- Add eggs and 3 tbsp of cream to the mizxture and pulse, stopping when the the dough begins to come together. This should happen in under a minute. If yours isn't coming together add one more tablespoon of cream and pulse again.
- Remove dough from food processor bowl and combine to form a flat disc and wrap in plastic wrap. Refrigerate for about 15 minutes.
Empanada Filling & Assembly
Dough from above
1 small butternut squash
1 tablespoon extra virgin olive oil
1 teaspoon fine sea salt
1/2 teaspoon cinnamon
3 cloves garlic, finely minced
1 shallot, finely minced
1 teaspoons ground chipotle powder (or sweet paprika if you like it more mild)
1/2 teaspoon ground nutmeg
2 tablespoons chopped green herbs (a combination of parsley, cilantro, and thyme)
5 oz. goat cheese or shredded cheddar cheese (my cousin doesn't care for goat cheese)
egg wash (1 egg and a splash of water, well mixed)
Chimichurri sauce for serving
- Preheat the oven to 425 degrees.
- Cut the squash in half lengthwise. Drizzle it with the olive oil and rub it into the flesh. Sprinkle with some salt and the cinnamon and roast for about 45-50 minutes, or until the flesh is very soft. Remove from the oven and let cool completely.
- While the squash is cooking, saute the shallot in a bit of olive oil on medium heat until just browned, about 6-8 minutes, then add the garlic and let cook for another minute or two being careful to not let the garlic burn.
- When the squash is cool, scoop the flesh into a bowl. Add another pinch of salt, the chipotle powder (or paprika), nutmeg, the sauteed garlic and shallots and the green herbs. Use the back of a fork and mash everything together well. Taste the mix and adjust for salt and spice.
- Turn the oven down the 350 degrees. Prepare a parchment lined baking sheet. Roll out the dough to about 1/8'' thickness on a floured work surface and press out the circles for your empanadas. You can use 4'' cutters for small ones, or 6-8'' for a larger size. Leaving plenty of space around the edge, put a spoonful or two of the squash in the center, followed by a spoonful of cheese, and fold the circle over. Press the edge with your finger to seal and then press along the edge with the tins of a fork. Don't worry if this gets a little messy or if your dough breaks. It will still be delicious!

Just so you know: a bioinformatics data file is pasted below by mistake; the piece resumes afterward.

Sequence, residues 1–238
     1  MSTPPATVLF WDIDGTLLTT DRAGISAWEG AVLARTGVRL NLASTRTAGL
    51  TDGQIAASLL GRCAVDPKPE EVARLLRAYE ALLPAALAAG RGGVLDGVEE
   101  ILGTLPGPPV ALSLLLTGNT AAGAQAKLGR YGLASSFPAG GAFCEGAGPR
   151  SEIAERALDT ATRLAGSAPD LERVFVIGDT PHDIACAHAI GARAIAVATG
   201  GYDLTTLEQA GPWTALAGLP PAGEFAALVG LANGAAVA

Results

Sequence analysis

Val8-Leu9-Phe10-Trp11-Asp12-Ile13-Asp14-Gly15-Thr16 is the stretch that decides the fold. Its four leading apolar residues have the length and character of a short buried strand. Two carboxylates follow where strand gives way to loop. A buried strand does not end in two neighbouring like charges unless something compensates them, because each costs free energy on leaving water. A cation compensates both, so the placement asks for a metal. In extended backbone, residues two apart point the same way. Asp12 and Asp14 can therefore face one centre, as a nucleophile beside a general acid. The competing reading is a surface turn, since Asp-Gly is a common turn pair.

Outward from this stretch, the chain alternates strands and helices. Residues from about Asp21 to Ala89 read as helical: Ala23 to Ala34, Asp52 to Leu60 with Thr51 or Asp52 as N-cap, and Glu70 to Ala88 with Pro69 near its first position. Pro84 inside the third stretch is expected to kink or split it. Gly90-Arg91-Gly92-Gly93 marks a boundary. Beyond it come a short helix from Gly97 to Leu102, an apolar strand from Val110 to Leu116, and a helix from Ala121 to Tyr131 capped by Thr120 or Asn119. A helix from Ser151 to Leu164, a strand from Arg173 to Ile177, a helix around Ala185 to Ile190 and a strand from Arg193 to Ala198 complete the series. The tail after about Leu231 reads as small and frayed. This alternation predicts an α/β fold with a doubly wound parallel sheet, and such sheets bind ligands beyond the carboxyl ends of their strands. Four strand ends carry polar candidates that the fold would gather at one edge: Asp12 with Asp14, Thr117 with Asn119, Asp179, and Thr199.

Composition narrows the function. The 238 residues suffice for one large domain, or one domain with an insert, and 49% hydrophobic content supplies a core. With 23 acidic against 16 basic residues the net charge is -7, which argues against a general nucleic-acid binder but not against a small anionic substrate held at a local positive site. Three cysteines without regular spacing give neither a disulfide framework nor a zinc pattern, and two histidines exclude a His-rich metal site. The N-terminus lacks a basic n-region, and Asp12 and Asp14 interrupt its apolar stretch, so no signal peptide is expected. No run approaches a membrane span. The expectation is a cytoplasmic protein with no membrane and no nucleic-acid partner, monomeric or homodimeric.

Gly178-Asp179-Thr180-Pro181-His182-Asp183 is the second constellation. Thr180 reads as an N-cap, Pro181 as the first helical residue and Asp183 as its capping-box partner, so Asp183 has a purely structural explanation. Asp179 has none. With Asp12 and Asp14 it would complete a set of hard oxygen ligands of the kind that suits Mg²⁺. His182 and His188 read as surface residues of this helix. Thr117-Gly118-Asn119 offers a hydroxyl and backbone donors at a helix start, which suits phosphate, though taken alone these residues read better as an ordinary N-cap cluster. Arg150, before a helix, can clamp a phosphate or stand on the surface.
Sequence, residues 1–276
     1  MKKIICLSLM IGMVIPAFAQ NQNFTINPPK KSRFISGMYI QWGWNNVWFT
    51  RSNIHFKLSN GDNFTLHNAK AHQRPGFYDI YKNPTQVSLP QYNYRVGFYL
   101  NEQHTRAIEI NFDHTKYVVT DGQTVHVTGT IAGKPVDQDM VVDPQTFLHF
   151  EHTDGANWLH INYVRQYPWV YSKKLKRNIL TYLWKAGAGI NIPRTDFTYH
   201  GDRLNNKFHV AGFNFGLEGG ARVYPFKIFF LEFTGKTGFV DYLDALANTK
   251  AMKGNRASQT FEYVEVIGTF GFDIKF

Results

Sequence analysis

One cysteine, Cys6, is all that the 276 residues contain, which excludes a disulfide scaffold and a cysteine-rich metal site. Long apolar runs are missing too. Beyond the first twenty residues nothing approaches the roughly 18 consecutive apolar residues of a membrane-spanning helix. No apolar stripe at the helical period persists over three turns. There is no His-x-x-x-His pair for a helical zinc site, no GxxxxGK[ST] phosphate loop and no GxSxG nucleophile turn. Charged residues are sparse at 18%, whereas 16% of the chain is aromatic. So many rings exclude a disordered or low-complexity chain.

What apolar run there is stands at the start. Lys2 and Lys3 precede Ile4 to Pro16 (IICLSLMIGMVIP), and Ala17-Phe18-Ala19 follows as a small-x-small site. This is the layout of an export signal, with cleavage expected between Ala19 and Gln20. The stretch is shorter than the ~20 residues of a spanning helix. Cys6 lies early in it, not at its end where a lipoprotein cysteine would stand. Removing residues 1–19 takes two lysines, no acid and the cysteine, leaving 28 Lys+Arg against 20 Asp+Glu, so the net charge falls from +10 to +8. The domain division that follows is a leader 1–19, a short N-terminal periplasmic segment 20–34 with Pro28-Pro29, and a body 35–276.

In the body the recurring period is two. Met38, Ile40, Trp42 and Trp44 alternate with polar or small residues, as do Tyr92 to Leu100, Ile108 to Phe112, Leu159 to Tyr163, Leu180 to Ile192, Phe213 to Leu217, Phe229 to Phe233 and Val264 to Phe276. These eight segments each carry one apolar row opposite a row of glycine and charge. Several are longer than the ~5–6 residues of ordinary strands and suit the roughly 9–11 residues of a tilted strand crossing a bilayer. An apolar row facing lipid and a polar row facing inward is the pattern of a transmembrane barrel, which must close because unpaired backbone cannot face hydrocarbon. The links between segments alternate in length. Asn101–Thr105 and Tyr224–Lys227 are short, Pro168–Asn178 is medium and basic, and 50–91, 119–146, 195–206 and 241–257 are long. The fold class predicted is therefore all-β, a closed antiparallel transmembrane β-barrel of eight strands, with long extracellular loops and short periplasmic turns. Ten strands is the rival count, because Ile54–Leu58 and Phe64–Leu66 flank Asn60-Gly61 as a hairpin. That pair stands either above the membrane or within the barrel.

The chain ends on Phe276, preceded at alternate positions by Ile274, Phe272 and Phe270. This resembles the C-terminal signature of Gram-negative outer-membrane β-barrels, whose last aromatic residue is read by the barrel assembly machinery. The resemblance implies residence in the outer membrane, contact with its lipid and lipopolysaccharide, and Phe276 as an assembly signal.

- Lay the empanadas on the baking sheet and brush the tops with the egg wash. Bake on the middle rack for 30 minutes or until just golden.
From Gran Cocina Latina
Note: To help make this come together with greater ease, this dipping sauce can be made ahead of up to a week ahead of time, even longer if you plan to keep it refrigerated (up to 3 weeks).
1/2 cup flat leaf parsley leaves
1/2 - 1 head garlic, cloves separated and peeled
1 tablespoon dried oregano
1 teaspoon crushed red pepper flakes
1/2 cup distilled vinegar
1/2 cup safflower or other neutral oil (extra-virgin olive oil can be used as well if no neutral oil is available)
1 teaspoon fine sea salt, or to taste
1 teaspoon freshly ground black pepper
Combine all ingredients in a food processor and pulse to a coarse puree.
The Argentinian Corn Pudding recipe can be found here at Vegetarian Times.